Automation vs. innovation: The matchup that shouldn’t exist in mobile advertising
By Ari Brandt
The surge in smartphone usage presents a tremendous opportunity for the digital ad industry to make serious advances both in technology and how brands can engage consumers. It is a completely new medium, which means it offers a new user experience, new user expectations, new technologies and new opportunities.
Yet the ad industry’s treatment of mobile has left me asking a lot of questions.
Why are we serving the same crappy advertising patterned after desktop units such as pre-roll video ads, mini banner ads, interstitials and the like? And why have we accelerated automation that makes it so easy to deploy such formats when industry research shows that users do not respond positively to these ads?
I believe we should hit the pause button on automation in mobile advertising before we denigrate another platform.
To move forward, we need to learn from the mistakes of the past.
Remember: on desktop, the industry has primarily automated twenty-five-year-old ineffective ad units via programmatic methods as a way to create efficiency.
With mobile, we have an opportunity – no, an obligation – to reinvent what advertising looks like in this medium, but instead we are racing to repeat our past mistakes.
Symptoms of the problem
In-application mobile advertising provides the industry a chance to circumvent issues such as banner blindness and viewability that are ongoing concerns with desktop advertising.
While these issues do not exist on mobile, we should not stop innovating.
Mobile ads are increasingly being bought and sold through programmatic methods in the name of efficiency just like desktop ads. Yet, this method may be hurting brands more than helping them.
In fact, according to a recent Millward Brown Digital marketer study, a large portion of Fortune 500 digital brand marketers said that programmatic methods negate customer experiences or brand building.
Missing link: Emotional connections
But there is a solution.
The right technology embedded into software developer kits can provide the ability to accurately understand real-time signals or moments via bi-directional communication, giving us a new way to serve ads that are not only impactful, but also that are contextually relevant to what a user is doing and how she is feeling.
While standard programmatic ad buying methods cannot deliver this yet, creative formats with dynamic messaging that align with real-time moments can.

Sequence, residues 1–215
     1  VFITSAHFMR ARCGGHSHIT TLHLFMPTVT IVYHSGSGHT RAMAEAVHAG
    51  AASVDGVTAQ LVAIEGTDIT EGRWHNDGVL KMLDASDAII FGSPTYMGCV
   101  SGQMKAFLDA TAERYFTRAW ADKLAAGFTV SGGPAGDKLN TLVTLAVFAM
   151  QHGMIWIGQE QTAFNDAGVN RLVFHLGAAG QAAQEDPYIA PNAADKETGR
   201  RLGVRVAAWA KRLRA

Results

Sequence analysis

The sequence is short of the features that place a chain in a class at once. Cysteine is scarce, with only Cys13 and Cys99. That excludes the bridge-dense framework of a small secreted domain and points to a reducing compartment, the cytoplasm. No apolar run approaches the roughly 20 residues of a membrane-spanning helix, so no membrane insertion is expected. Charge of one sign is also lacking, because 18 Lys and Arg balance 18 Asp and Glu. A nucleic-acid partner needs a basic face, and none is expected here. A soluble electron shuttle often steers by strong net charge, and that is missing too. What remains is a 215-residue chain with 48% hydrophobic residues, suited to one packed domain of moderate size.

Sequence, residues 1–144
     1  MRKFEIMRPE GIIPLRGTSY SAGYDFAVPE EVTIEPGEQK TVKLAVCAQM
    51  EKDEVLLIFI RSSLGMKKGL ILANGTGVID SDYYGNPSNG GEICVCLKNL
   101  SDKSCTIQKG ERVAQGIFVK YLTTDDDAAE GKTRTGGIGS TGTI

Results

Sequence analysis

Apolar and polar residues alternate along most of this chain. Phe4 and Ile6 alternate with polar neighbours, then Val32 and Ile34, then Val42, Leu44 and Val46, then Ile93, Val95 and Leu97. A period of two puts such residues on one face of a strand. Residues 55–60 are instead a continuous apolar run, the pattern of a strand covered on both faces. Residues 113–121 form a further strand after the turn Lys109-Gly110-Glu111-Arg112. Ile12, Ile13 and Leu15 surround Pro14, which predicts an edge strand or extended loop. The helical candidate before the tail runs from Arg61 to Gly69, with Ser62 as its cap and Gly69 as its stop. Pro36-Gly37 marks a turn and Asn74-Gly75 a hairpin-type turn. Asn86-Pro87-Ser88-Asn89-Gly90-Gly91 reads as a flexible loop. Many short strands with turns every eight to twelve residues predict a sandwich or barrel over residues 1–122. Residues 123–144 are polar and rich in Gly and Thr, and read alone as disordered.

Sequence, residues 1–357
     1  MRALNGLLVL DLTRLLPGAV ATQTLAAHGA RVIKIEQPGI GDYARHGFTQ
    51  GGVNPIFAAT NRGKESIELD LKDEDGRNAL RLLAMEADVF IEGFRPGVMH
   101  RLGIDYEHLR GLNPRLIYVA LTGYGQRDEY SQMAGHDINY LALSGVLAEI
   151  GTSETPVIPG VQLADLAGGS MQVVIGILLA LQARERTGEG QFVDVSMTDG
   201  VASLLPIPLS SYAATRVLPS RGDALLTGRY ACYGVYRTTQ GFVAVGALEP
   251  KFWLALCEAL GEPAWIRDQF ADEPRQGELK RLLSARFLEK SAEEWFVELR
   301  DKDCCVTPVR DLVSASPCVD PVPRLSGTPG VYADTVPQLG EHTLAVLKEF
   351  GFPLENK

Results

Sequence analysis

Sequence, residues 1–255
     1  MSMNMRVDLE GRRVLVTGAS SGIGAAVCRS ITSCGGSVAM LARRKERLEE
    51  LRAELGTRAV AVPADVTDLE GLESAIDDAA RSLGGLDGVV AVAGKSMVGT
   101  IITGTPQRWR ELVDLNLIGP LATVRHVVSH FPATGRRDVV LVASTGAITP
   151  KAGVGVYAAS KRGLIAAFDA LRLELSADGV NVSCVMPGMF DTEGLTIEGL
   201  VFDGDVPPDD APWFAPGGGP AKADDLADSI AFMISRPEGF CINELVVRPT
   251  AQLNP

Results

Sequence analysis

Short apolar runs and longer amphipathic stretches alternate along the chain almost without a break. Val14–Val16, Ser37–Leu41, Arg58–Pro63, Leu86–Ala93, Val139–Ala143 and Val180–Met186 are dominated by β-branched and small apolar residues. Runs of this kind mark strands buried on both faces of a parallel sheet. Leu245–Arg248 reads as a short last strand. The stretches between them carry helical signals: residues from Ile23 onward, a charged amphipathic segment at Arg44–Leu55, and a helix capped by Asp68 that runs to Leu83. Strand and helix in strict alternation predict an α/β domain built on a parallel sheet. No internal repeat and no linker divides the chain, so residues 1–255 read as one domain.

Programmatic methods cannot deliver on critical digital brand marketers’ key performance indicators either, including making emotional connections and earning people’s trust.
According to the Millward Brown Digital marketer survey, almost half of respondents found that making emotional connections with people through digital ads is an important branding objective.
Plus, 70 percent said that they want to make emotional connections to build brand recognition, loyalty and trust.
That is why many people in the industry are speaking out and calling for change.
For instance, Louie Moses, president of Moses Anshell, recently said, “Analyzing data gets you up to the point where you still need to make an emotional connection … creative storytelling will always make that connection.”
I could not agree with Mr. Moses more. Data alone cannot facilitate emotional bonds.
We need to empower digital and mobile brand marketers to stop dehumanizing people and get back to the essence of advertising: making true people-to-brand connections.
To be successful in mobile, digital brand marketers must seek out innovative, creative formats that will resonate with viewers and position brands as heroes, not annoy and interrupt users.
Digital brand marketers must buy ads that acknowledge users’ states of mind and appeal to their emotions.
However, such creative ad formats are not yet available through automated tactics, although I believe that technological advances may enable this in the future.
Now, I am all for automation, but we are making a huge mistake with mobile if we do not address innovation first.
We have an opportunity and an obligation to take a fresh look at mobile, which is the most exciting opportunity presented to digital advertising in the last 30 years.
No wonder eMarketer estimates that the new medium will surpass desktop in ad spend by 2017 and predicts that mobile ad spending will increase 83 percent to nearly $18 billion this year.
CAN MARKETERS make the most of mobile if we continue to automate the wrong elements of our industry? I do not think so.
While programmatic ad buying can be effective, alone it cannot empower brands to make emotional connections or earn people’s trust. Not yet. And it certainly will not enable marketers to build their brands on mobile devices – or, frankly, anywhere else.